An American book salesman (Lloyd) is persuaded to go to the kingdom of Thermosa to impersonate the Prince. He is greeted by a peasants' revolt before the real prince shows up to claim his ... See full summary »
Roscoe and Buster are working at a vaudeville house. When the crew attacks the strongman for bullying his assistant, the man goes out on strike so the crew puts on a show. When the ... See full summary »
Roscoe 'Fatty' Arbuckle
Roscoe 'Fatty' Arbuckle,
Al St. John
Father takes his family for a drive in their falling-apart Model T Ford, gets in trouble in traffic, and spends the day on an excursion boat. As the boat is about to leave Charlie rushes ... See full summary »
Timid milkman, Burleigh Sullivan (Lloyd), somehow knocks out a boxing champ in a brawl. The fighter's manager decides to build up the milkman's reputation in a series of fixed fights and ... See full summary »
While running away from his girl's father, their car breaks down in front of a dance hall run by crooks. Harold has to not only stay one step ahead of the girl's father, but also those trying to rob them of everything they have.
She's a chorus girl in unpaid tryouts for a Broadway show, behind in her rent, about to be evicted. He's in the room next door, from Peoria, struggling to write his first comedy; he's also behind in his rent. He gives her his last dollar so she can square with "Bearcat," the landlady, then he has to avoid Bearcat and her bouncer. Later, he tries to get his comedy read by the production manager at the same theater where his neighbor's just been fired. She's desperate, so she agrees to lunch with a Lothario, who takes her to a speakeasy. Our comedy-writer follows them to the club where an accidental roulette bet, a police raid, and a hectic pursuit end the story. Written by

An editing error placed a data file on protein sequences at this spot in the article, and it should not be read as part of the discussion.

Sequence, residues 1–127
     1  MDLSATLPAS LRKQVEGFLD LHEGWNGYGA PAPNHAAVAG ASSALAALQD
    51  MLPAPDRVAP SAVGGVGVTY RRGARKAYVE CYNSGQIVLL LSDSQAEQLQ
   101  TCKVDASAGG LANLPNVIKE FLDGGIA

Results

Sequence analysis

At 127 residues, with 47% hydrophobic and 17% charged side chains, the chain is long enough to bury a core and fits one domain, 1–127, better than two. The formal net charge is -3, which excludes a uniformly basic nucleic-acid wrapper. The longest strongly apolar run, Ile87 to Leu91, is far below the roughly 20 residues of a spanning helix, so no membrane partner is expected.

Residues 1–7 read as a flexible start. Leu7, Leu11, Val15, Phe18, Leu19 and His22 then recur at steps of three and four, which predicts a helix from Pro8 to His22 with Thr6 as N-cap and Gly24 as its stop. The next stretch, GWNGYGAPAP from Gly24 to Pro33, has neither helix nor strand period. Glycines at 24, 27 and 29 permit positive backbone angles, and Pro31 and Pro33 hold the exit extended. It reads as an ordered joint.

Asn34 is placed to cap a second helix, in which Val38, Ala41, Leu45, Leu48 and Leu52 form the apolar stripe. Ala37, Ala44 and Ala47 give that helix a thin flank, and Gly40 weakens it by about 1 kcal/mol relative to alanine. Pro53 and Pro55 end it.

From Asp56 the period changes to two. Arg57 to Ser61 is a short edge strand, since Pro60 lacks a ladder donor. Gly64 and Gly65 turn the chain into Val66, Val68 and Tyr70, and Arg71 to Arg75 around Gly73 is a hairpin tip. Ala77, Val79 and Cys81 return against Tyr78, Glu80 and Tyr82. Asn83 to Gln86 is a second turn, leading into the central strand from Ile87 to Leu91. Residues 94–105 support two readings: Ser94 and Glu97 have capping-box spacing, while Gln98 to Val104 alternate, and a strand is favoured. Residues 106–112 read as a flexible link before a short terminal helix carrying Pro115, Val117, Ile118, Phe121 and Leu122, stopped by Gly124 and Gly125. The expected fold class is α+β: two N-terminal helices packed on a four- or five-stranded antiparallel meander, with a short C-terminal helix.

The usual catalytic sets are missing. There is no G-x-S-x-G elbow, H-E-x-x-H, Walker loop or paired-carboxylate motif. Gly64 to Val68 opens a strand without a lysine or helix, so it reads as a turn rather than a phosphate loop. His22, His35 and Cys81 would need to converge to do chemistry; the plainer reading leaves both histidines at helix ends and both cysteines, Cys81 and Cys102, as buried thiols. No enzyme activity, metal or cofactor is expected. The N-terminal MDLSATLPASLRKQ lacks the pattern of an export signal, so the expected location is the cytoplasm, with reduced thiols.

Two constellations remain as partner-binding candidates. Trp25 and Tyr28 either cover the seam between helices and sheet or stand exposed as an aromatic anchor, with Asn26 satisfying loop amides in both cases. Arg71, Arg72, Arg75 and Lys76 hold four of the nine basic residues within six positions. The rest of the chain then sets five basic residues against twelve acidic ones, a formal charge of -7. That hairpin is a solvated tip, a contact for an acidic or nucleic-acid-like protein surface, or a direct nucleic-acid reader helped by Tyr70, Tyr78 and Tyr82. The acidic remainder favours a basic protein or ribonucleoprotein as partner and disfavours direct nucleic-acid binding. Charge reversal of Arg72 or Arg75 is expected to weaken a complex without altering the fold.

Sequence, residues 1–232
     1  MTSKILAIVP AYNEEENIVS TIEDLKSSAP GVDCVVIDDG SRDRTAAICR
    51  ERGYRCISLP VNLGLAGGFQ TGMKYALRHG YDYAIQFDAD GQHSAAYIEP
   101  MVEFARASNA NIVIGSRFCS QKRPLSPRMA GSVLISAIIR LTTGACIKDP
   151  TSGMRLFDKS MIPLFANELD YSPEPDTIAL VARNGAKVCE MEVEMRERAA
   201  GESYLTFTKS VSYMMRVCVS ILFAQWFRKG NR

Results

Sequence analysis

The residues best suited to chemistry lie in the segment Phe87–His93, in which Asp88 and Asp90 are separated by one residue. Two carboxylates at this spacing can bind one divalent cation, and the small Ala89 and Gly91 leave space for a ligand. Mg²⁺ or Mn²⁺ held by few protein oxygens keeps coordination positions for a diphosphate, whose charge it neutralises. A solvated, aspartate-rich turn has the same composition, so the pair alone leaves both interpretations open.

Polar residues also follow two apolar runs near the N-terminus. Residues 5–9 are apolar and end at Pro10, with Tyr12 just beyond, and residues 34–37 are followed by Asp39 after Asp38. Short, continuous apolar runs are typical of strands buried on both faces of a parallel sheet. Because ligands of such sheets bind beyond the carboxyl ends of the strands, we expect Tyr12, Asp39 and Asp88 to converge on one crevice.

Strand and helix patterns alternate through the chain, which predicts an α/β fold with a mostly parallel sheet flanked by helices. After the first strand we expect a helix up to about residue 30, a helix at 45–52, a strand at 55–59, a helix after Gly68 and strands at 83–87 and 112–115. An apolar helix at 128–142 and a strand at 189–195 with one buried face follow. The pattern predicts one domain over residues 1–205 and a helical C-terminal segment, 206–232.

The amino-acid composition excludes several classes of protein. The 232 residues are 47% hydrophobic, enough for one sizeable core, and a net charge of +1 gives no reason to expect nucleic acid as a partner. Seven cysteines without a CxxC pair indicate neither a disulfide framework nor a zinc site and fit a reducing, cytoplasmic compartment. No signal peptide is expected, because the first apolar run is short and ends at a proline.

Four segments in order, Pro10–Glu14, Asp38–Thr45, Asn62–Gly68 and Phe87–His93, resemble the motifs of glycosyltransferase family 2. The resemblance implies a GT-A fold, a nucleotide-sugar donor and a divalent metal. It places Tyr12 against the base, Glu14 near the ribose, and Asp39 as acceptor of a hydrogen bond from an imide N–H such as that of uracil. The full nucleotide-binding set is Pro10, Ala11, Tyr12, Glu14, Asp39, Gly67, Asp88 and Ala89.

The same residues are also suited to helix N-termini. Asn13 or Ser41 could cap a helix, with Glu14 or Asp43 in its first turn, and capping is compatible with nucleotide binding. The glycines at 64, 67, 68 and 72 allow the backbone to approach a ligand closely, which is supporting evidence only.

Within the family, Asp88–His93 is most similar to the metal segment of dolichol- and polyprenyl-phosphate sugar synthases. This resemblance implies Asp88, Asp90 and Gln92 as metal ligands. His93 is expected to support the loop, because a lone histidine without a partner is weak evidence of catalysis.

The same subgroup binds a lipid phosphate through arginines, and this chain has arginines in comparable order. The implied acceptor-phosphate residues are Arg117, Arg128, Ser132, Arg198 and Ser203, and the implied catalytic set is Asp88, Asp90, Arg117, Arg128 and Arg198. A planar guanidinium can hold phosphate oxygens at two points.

Despite the title, the plot of this Harold Lloyd short is evenly distributed among three different settings: a boarding-house, a theater and an exclusive club. As in FROM HAND TO MOUTH (1919), comedy emerges out of the characters' desperation - but there's no denying the assuredness of the gags (in fact, I'd say that this one's an even better film) and, in any case, H.M. Walker's title cards are among the wittiest for a Silent that I've come across! Lloyd is in his element as the perennial dreamer, a novice playwright, and Bebe Daniels is an ideal co-star as an aspiring Broadway star. Still, the best scenes are probably those set in the casino - where the penniless Lloyd accidentally cops himself a large sum of money but, needless to say, he's not allowed to reap the rewards of his fortune because the joint is raided soon after by the Police!
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